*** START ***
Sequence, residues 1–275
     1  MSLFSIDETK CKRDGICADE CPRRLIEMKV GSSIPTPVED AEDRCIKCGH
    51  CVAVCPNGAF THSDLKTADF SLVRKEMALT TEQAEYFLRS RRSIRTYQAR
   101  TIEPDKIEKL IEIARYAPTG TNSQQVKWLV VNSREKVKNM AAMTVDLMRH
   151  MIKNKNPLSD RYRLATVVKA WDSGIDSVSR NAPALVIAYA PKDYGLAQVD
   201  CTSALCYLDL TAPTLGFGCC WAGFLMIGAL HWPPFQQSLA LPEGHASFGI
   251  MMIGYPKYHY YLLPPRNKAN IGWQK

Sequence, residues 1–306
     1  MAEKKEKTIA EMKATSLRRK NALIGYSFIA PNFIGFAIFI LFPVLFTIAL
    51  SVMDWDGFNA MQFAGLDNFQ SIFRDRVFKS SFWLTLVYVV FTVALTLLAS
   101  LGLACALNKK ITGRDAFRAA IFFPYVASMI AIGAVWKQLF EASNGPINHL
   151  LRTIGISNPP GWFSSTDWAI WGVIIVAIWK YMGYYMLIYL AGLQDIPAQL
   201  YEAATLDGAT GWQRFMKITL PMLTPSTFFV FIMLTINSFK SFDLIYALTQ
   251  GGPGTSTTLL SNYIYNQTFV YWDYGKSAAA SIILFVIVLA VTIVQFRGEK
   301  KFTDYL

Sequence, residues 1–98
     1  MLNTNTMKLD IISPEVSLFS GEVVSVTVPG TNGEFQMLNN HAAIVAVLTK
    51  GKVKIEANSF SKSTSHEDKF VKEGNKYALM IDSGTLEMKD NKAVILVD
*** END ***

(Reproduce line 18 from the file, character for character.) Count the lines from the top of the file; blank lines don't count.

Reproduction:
    51  GKVKIEANSF SKSTSHEDKF VKEGNKYALM IDSGTLEMKD NKAVILVD